The Biorock Process or mineral accretion is a technology used to grow structures and marine ecosystems in seawater. It provides a cost-effective and sustainable method to accelerate coral growth and increase coral survival particularly in areas where environmental stress has affected existing reefs. Biorock methods can help restore damaged coral reefs and provide building materials from sustainable energy resources for mariculture of corals, oysters, clams, lobsters and fish. When mixed with aggregates, accreted minerals can be used as building components on the sea bottom or on land.
In an attempt to slow the damage done to the world’s coral, artificial reefs have been built since the 1950s out of materials ranging from concrete blocks to discarded tires. However, most of these plans have failed to provide a new coral habitat, and one such artificial reef off the shore of Fort Lauderdale has become a complete environmental disaster. There have been some successes with artificial reefs, but most remain relatively barren compared with natural reefs. The one notable exception is the work of marine biologist Thomas J. Goreau and engineer/architect Wolf Hilbertz, who have been experimenting with a new type of artificial reef for over a decade.
The technology, elegant in its simplicity, is called Biorock. It arose from experiments in the 1970s when Hilbertz was studying how seashells and reefs grow, by passing electrical currents through sea water. What he found was that as the sea water electrolyzes, calcium carbonate (Aragonite) slowly forms around the cathode, eventually coating the electrode with a material as strong as concrete. Later experiments showed that the coatings could be grown at up to a thickness of 5cm per year. As long as the power is flowing, the structure would continue to get larger and stronger as time passed. It can also heal itself if damaged, something ordinary concrete can’t do.
Hilbertz’s original plan was to use this technology to grow low-cost structures in the ocean for developing countries, however his focus shifted to coral reefs after meeting a marine biologist. Because the Biorock process uses such simple materials, electrode forms can be constructed in a variety of shapes to mimic natural reefs. Because the calcium carbonate coating that forms is so similar to natural reef substrate, corals take to the Biorock reefs very readily. In fact, other experiments were conducted to see if the electrical current was harming the coral at all and the results were surprising; the coral actually thrived on the electrified reef.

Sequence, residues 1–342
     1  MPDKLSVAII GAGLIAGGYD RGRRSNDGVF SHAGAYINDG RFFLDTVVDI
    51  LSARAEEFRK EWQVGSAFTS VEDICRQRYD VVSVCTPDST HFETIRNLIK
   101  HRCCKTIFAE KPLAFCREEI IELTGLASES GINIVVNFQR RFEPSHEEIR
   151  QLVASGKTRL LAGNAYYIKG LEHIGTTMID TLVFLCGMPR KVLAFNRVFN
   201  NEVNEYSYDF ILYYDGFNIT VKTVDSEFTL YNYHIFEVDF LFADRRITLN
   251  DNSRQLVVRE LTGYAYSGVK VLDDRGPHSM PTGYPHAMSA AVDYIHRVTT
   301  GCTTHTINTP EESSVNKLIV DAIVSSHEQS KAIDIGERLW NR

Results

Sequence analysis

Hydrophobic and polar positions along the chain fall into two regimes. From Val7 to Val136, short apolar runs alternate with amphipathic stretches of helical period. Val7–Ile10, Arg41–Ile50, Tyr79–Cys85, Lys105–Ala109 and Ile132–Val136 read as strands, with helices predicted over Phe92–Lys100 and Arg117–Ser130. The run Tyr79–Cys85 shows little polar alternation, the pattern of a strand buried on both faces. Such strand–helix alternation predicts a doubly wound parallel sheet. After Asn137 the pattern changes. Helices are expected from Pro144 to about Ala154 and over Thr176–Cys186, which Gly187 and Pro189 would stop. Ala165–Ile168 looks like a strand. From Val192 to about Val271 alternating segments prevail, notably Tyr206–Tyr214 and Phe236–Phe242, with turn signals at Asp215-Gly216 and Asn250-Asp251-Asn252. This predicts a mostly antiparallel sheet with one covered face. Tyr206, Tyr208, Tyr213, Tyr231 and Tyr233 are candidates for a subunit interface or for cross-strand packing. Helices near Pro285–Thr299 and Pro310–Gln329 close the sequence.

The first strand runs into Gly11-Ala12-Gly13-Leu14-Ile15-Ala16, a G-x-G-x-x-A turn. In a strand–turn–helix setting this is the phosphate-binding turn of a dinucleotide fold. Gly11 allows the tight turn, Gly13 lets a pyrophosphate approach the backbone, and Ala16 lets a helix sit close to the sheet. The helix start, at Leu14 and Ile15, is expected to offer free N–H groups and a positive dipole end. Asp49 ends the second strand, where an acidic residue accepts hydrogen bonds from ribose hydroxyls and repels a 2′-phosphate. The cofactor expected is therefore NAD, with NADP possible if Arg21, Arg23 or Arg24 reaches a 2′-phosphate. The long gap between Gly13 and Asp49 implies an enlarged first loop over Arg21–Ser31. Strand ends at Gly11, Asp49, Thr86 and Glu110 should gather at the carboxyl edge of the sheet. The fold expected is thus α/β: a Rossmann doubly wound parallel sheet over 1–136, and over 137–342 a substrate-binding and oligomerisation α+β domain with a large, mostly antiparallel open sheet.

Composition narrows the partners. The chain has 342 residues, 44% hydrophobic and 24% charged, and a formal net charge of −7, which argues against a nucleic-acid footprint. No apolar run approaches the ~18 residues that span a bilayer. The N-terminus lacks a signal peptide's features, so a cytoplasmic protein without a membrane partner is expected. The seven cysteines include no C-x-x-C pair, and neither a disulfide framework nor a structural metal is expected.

Due to electrolysis, corals on ark reefs gain energy affecting growth, reproduction and their ability to resist environmental stress. These reefs grow rapidly and get stronger as they age. And unlike some other types of artificial reefs made from cars or tires for example, Biorock reefs don't leach harmful pollutants into the sea.
The Biorock Process is the only known technology that can sustain corals through warming water temperatures.
As of 2008, Biorock coral reef projects exist in over 15 countries (and mainly in Maldives, Seychelles, Thailand, Indonesia, Papua New Guinea, Mexico, Panama and, in one of the most remote and unexplored reef areas of the world, Saya de Malha Banks in the Indian Ocean and represent the only restoration method known that can sustain and grow natural coral species using only basic elements. These incredible structures not only grow with time but also assist damaged coral in healing while increasing growth rates up to 5 times faster than normal.
Guardians of the Electric Reef: In Bali's Idyllic North-West Corner, a Unique Community-Driven Marine Conservation Project Is Using Electricity to Rapidly Regrow Damaged Coral Reef and Restore Local Livelihoods. Might This Technology and Its Profound Success Be a Route to Helping Save the Earth's Vital Coral Gardens?
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